Meteor Showers – Where and When to Look

meteor shower

Aurora Shimmer, Meteor Flash Credit: APOD Bjørnar G. Hansen

I am asked all the time when there is a meteor shower: “What direction do I need to look to see the meteors” and “what time”?

Scroll down to the end of this post if you only want the answer and not learn why…

These questions as well as many others seem to have had laboured answers in the past, but the reality is, astronomy is dead easy and you don’t need to be exact unless you are taking images or doing proper research or science. The average person with an interest in the night sky doesn’t need to know all the technical ins and outs, especially if they are doing naked eye observing without equipment like a telescope.

When the average human being looks up at the sky using just their eyes, they are only capable of seeing things in an approximate position so answers to questions like “where do I look” need to be easy and not filled with statements containing phrases of a script from Star Trek.

So, where do you look to see meteors from a meteor shower and what direction do I need to look?

The simple answer is just up…

Meteor showers are not an exact science; we know roughly when they are due etc, but the great thing that makes them so exciting, is you never know when or where the next meteor will be. Meteor showers have a point in the sky where they originate from – Not appear and this point in the sky is called the radiant.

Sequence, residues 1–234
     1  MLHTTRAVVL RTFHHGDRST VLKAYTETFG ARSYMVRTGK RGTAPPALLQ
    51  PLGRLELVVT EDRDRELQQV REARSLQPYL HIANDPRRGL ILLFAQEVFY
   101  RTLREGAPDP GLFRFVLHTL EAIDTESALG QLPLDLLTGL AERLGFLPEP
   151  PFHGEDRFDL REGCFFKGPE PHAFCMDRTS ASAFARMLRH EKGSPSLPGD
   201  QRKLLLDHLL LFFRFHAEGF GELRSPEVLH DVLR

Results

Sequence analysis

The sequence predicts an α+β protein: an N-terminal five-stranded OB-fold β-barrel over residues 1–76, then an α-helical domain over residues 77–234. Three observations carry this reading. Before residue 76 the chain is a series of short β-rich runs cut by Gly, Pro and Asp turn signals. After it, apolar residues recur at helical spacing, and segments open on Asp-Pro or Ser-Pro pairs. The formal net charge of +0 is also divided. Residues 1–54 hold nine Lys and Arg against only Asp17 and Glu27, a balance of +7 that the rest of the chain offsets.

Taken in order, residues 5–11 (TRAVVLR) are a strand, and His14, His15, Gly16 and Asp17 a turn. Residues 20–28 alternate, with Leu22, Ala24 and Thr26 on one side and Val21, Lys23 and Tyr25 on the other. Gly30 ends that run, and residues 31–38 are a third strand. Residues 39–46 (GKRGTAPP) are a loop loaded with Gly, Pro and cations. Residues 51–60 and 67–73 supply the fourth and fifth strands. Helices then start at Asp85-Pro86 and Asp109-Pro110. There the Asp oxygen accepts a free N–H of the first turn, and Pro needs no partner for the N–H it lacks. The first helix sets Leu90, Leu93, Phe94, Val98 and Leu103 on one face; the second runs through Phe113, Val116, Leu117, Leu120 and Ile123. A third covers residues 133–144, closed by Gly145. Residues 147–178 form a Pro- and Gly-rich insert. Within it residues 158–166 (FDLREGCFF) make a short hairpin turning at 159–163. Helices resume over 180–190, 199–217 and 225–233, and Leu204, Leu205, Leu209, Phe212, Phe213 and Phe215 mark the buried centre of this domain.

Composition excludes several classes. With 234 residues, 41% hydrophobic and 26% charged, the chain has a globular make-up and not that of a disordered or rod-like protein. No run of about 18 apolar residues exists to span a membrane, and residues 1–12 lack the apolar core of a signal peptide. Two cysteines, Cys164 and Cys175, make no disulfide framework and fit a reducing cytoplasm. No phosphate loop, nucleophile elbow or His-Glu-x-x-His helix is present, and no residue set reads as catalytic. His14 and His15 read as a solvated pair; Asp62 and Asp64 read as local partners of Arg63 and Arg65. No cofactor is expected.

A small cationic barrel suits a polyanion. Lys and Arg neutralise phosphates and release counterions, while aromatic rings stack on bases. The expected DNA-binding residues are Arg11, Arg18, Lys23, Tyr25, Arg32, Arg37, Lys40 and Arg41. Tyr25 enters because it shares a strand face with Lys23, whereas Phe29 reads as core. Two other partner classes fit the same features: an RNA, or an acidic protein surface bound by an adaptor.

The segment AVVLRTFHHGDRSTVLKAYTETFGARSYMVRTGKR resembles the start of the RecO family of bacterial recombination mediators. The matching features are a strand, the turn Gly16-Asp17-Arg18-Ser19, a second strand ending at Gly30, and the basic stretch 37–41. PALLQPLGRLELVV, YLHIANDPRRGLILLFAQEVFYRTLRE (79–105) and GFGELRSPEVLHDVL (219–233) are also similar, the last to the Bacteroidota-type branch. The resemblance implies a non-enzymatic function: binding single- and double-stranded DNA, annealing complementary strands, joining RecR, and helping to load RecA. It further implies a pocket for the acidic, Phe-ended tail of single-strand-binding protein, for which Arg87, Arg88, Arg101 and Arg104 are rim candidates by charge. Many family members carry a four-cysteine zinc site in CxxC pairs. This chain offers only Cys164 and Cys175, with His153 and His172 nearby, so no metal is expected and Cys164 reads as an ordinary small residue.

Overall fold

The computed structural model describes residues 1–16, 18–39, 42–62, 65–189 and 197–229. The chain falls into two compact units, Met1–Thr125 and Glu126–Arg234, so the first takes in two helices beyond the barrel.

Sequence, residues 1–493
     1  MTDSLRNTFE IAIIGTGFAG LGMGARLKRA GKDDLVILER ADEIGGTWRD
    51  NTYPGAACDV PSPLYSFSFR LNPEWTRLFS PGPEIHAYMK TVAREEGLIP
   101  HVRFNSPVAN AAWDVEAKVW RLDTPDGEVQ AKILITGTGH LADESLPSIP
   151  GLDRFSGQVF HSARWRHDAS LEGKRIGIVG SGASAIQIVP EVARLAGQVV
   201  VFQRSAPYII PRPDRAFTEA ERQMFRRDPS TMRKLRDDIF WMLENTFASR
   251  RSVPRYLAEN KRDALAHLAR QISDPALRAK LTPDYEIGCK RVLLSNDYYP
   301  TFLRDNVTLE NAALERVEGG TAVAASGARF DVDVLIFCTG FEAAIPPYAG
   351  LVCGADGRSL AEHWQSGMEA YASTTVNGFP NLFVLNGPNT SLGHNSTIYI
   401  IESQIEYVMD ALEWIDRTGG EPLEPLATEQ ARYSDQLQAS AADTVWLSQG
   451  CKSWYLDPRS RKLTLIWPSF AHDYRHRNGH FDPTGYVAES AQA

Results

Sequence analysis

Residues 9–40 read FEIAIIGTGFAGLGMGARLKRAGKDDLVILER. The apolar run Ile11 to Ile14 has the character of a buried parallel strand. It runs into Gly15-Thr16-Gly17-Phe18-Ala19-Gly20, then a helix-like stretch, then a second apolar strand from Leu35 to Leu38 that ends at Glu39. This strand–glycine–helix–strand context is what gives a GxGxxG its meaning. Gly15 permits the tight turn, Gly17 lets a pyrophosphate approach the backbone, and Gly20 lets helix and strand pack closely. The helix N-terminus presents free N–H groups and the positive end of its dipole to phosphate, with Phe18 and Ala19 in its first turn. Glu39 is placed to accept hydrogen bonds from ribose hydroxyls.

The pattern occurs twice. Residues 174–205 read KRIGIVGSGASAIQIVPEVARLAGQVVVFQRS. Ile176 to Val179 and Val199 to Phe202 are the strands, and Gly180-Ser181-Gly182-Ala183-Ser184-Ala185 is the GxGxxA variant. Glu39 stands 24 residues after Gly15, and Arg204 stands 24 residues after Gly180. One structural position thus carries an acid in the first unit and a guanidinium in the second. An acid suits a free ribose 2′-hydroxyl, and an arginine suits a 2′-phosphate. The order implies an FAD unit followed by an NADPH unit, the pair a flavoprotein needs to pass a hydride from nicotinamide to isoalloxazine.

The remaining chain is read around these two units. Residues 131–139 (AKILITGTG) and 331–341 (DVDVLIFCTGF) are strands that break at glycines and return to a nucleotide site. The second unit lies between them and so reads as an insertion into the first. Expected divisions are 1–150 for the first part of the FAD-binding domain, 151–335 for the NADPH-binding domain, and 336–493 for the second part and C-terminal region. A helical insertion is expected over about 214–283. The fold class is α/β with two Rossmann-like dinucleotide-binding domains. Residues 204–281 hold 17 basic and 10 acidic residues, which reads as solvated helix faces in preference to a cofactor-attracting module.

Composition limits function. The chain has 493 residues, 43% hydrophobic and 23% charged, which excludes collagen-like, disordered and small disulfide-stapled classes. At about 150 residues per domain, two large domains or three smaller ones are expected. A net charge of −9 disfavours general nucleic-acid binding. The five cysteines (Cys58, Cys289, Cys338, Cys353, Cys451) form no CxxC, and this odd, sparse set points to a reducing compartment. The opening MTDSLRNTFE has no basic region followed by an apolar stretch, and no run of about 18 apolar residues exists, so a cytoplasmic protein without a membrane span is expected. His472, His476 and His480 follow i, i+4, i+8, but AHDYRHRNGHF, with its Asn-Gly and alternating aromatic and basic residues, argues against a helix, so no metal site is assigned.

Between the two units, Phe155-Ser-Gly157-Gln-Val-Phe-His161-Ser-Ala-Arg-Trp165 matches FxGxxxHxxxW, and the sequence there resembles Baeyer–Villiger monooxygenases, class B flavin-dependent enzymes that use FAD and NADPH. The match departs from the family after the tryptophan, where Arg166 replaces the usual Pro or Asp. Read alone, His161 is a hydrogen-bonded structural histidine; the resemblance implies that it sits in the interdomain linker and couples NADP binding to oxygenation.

The radiant and the constellation it is in, gives the meteor shower its name e.g. Geminids – Gemini, Perseids – Perseus etc. Many astronomy publications confuse people by putting a diagram of the radiant with meteors streaking out of it – It doesn’t look like this in real life, meteors will appear randomly in any part of the sky. You can trace their paths/ trails back to the point they originate from – The radiant.

What time do I look to see a meteor shower?

Again this is simple, but it also depends on the specific meteor shower. I personally say anytime after dark, but it gets better between midnight and dawn.

The reason for this is humans in the 21st century don’t like the cold and have to go to bed and get up early and stuff. If I said “You need to be up all night until the small hours” most people wouldn’t bother.

This is the perfect time many say, but during a meteor shower you can see meteors any time after dark and you can also see sporadic meteors and meteors from other showers every night of the year.

The trick is to make sure you are comfortable and to give yourself plenty of time – at least half an hour or more before you go back indoors and watch TV or go to bed. With a good meteor shower like the Perseids or Geminids, you may see a meteor every few minutes; but you must keep your gaze on the sky. Blink and you miss it!

Thank you for reading this and below are the simple answers to the questions at the beginning of the article.

If you skipped reading the article and scrolled down from the beginning, please come back and read it soon and visit the other pages and guides on Meteorwatch.org

Q.  

What direction do I look to see the meteors?

A.   

Just look up and fill your gaze with as much sky as possible and in no particular direction. Meteors appear randomly in any part of the sky

Q.    

What time do I need to look?

A.

Any time after dark. Some say around midnight through to dawn is best, but you will see meteors before this if you are patient and maybe lucky. This can be shower dependant and your   location in the world etc – Look up when you can, you will see some.

Q.  

What is the best day to see the meteor shower?

A. 

This depends on the meteor shower and its peak. Information on specific meteor showers can be found here

Credit: Wally Pacholka astropix.com